"After all, it is pretty easy to do."

Translation:Finalement c'est assez facile à faire.

January 17, 2013

This discussion is locked.


would "après tout" for after all be an anglicism, or is it acceptable?


Perfectly correct, usual and acceptable.


We are looking until now that "assez" is quite or enough and I don´t see anywhere "assez" be traslated as pretty.


"assez" can also be translated to "rather" or "pretty", to mean "relatively"


I consider assez to be a bit of a slippery word that can used for some equally slippery words in English.


Can any synonym for "assez" be used there? I tried "bien", but it wasn't accepted.


You can use "plutôt" or "relativement", but I don't know if Duo would accept them.


plutot is accepted. :)


What about pas mal ?


You should avoid using "pas mal" in front of an adjective (pas mal facile is incorrect).


is it correct to say "facile de le faire"


It is only correct in the impersonal construction: "il est facile de le faire" (it is easy to do it)


Dear Sitesurf, could you maybe elaborate on this answer a bit? I am always confused with where to use "a" and where to use "de". The same confusion applies to adjective like "important", "difficile", etc. Is it a general rule that "de" only appears in an adjective-infinitive structure where the subject is impersonal, and for the rest "a" is used? Thank you!


Dear Robertwoo, the trick here is that a number of adjectives (facile/difficile are the most frequent) may change their postposition (à or de) depending on how the sentence is constructed, ie

  • impersonal : "il est facile de" or "c'est facile de" + infinitive

  • or not : "quelqu'un" or "quelque chose est facile à" + infinitive.


• il est difficile de refuser = impersonal construction meaning "we find it hard to refuse"

• elle est difficile à refuser = (l'invitation) est difficile à refuser

• il est difficile à décrire = (le tableau) est difficile à décrire

• il est difficile de décrire ce tableau

There are a few others: "dur", "bon", "commode", "pratique", "utile", "indispensable", maybe others that don't come to my mind.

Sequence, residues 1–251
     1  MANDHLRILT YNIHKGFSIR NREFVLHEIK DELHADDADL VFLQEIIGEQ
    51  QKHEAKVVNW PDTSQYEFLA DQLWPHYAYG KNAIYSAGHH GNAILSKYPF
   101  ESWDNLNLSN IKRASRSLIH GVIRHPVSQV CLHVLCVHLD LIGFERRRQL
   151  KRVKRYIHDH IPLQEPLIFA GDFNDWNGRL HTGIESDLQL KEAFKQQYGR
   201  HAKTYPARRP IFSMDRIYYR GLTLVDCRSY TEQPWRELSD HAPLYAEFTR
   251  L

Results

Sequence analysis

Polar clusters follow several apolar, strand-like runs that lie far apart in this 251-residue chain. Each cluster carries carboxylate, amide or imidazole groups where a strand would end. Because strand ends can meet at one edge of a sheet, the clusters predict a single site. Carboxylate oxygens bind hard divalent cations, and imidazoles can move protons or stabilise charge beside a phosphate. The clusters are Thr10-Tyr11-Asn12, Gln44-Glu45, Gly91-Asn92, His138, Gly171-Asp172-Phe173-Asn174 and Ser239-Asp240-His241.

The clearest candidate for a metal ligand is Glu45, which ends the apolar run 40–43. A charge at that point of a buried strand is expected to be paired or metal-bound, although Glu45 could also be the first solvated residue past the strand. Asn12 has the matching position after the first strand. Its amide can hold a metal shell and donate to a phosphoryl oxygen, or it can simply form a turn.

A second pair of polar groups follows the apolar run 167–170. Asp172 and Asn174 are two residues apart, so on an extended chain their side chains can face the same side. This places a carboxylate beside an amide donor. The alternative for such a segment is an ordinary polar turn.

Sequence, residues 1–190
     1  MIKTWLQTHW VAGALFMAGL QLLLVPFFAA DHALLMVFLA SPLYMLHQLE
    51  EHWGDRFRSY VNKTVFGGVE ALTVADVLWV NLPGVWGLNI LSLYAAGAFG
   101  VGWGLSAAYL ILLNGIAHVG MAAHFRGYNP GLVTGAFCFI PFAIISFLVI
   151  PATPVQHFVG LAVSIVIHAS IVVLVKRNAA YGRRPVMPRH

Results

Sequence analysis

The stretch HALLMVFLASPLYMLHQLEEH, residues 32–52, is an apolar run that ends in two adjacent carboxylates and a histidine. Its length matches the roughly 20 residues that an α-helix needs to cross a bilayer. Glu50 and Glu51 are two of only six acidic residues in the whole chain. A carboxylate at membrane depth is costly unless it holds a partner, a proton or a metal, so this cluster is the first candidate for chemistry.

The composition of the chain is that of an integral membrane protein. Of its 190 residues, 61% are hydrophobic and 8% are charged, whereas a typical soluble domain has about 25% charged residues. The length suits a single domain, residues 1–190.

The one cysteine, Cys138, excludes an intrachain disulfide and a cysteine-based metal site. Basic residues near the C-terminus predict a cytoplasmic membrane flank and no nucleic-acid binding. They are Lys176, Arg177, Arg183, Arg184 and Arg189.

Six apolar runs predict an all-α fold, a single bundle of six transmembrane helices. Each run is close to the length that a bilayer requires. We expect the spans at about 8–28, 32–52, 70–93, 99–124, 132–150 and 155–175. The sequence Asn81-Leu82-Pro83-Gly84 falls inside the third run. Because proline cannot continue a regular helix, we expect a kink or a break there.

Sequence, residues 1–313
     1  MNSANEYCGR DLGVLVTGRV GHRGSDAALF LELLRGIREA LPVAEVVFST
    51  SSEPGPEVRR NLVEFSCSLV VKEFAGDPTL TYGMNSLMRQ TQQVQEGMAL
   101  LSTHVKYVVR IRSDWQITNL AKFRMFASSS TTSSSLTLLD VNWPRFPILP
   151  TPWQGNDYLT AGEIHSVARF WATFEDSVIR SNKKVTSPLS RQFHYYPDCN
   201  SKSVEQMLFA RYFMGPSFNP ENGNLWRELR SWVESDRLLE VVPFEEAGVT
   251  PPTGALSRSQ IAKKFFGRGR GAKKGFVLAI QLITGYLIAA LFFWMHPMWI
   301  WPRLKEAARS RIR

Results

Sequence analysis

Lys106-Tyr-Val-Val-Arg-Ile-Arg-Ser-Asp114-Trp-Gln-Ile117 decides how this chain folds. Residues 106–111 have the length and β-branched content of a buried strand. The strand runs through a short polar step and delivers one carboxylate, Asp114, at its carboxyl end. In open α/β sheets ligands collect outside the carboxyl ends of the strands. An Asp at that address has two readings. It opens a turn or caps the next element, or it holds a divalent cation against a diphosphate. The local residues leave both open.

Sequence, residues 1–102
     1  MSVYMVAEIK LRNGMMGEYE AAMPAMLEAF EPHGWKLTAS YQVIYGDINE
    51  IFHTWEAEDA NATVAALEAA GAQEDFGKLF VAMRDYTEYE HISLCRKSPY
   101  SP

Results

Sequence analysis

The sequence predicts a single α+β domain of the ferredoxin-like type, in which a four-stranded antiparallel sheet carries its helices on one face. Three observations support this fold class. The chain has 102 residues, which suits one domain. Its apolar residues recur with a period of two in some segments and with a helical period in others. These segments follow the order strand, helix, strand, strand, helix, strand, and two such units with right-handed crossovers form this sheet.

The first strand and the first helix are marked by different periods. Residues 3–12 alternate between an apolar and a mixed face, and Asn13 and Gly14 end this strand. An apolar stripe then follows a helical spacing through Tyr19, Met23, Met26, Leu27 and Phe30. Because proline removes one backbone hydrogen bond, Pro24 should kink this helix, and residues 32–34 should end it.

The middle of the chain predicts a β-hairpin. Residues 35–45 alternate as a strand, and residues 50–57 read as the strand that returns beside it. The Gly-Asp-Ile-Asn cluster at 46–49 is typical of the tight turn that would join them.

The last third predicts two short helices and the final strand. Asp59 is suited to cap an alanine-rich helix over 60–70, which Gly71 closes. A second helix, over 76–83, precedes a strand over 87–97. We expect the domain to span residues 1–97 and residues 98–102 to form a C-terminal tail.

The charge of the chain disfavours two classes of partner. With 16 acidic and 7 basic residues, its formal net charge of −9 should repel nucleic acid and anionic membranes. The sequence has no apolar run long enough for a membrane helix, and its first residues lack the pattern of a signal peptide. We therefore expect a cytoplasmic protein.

• il est (c'est) dur de monter la pente / la pente est dure à monter

• il est (c'est) bon de connaître ce mot / ce mot est bon à connaître

• il est (c'est) commode d'utiliser cet outil / cet outil est commode à utiliser

• il est (c'est) pratique de manipuler ce couteau / ce couteau est pratique à manipuler

• il est (c'est) utile/indispensable de savoir les bases / les bases sont utiles/indispensables à savoir


And I think I'll just copy Sitesurf's example • il est difficile de refuser = impersonal construction meaning "we find it hard to refuse", break it up into two parts (front and back) and paste it into my anki flash card program mentioned above. (now the comment has moved to below this one.)

Put we find it hard to refuse on the front side. Put il est difficile de refuser (impersonal construction = de) on the reverse. It's already set to wait for a typed response from me before showing me the back side, so I'll just let anki drill me repeatedly as needed.

It's like my own personal version of Duo.

Thank you very, very much Sitesurf


Thank you so much, SiteSurf and Northern Guy!


@Sitesurf Sorry, your extensive explanation is awesome but my tiny brain still doesn't understand why Duo chooses "Finalement c'est assez facile à faire." as the correct one.

What I understand is the "c'est" here is impersonal. So, shouldn't it be "c'est ... facile de faire" instead?

Also, there's another example "Il est sûr de bien manger". Again, I keep thinking that "il" here refers to "quelqu'un" (a real subject). So, why are we using "de" instead of "à"?


No problem! A tip for you: impersonal phrases always start with "il".

When you use "c'est", the little "c' " is not impersonal, grammatically speaking, because it is a short version of ceci/celà (this or that thing), a demonstrative pronoun which stands for something that was said before. Therefore, "c' " is part of "real subjects".



Yes, I think I start to get the drift, thanks :)

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@ Sitesurf re igesta's question What about your example sentences il est (c'est) dur de monter la pente. If in this case il est is interchangeable with c'est (in spoken French?), then effectivly that makes the c'est beginning an impersonal one, does it not? I see a tiny fault in logic there...



"il est dur de monter la pente" : impersonal "il" means that the English would be something like: "going up the hill is difficult".

In French, the same structure can be adopted: "monter la pente est difficile" (verb in infinitive instead of gerund).

In other words, what is difficult is the whole "going up the hill", or "this thing is difficult: going up the hill" = "cette chose/ceci est difficile : monter la colline".

Therefore, "il est difficile de" or "c'est difficile de" are interchangeable, "il" and "c'" standing for "it" or "this", respectively.


Merci @igesta et @Sitesurf !! Ça devient lentement plus clair. Je ne peux pas répondre à la réponse de Sitesurf (il semble qu'il y a une limite pour la quantité de réponses) mais je veux confirmer : « c'est assez façile à faire » et « il est assez façile de faire » sont tous les deux bons ?

(Je ne sais pas si c'est une bonne idée que nous demandons les questions sur la grammaire en français, mais je pense aussi qu'à une moment certaine c'est bon à essayer. Donc, je suis désolé pour les autres erreurs.)